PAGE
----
• Mark Burrows

      That is the downside to clicking on any link, they can plant tiny little spyware devices in your registry and they are a real pain to remove, a lot of registry cleaners, will overlook them. Manual searching through your registry is required. Do not ever attempt this unless you know exactly how to do it, and how to search and delete these pests. There are plenty of online forums that can teach you how this is done. Use your search engine for tips on manually removing malicious entries in your registry. If you are not sure, appeal to a relative or a close friend you can trust to help you.

  5. rebecca east

    Patricia Feeney, in the ads posted on the fake CNBC website seems to live in whatever city you happen to have your internet service registered. I have found her in several cities in Georgia, Idaho and even in the U.K. Please be aware of any offers of at home employment and how they can be non-producing at best and outright scams at worst. Research and be sure what you are getting in to is legit, legal and will produced the promosed results!

  6. maurice Houghton

    That is right, she now lives in Penang island, and the week before that on the mainland of Malaysia at Bukit Mertajam. STEER CLEAR!

  7. maurice Houghton

    Bottom line, BEWARE! Do not part with cash to obtain information which is freely available from Moreniche or Clickbank. If something looks too good to be true, it nearly always IS!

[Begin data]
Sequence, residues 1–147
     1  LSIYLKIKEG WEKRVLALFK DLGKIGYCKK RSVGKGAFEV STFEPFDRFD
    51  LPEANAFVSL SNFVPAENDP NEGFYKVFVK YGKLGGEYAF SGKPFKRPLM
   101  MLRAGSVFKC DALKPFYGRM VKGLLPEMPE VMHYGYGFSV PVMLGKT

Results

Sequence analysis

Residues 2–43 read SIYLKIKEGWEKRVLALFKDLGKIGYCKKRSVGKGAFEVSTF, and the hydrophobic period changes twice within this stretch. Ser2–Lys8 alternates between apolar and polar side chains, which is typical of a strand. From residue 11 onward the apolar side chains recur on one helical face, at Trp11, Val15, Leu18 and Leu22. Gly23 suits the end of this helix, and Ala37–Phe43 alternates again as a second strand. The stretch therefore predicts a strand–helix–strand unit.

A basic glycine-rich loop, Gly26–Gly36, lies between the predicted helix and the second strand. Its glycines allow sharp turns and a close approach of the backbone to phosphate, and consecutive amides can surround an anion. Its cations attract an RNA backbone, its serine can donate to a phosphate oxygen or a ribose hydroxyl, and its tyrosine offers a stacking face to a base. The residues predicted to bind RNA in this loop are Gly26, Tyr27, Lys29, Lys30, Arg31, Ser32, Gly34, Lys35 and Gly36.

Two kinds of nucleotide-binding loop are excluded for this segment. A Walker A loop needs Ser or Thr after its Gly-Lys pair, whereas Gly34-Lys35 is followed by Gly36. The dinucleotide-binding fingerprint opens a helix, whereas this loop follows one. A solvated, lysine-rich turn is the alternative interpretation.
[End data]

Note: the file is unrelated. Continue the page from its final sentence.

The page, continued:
8. Hi Jinnie and others- I complained by saying I was very unhappy as the claims made in the advert were wimply not true and that it was NOT possible to set up the business and make money in an afternoon or a matter of hours, and politely asked for a refund. The web address is support@homeprojectmembers.com and the person was Lana.. They also wanted the first and last four digits of the card used to make the original purchase and the Email address used to make the order. Hope this helps. Maurice

Leave a Reply

Fill in your details below or click an icon to log in:

WordPress.com Logo

You are commenting using your WordPress.com account. Log Out /  Change )

Google+ photo

You are commenting using your Google+ account. Log Out /  Change )

Twitter picture

You are commenting using your Twitter account. Log Out /  Change )

Facebook photo

You are commenting using your Facebook account. Log Out /  Change )


Connecting to %s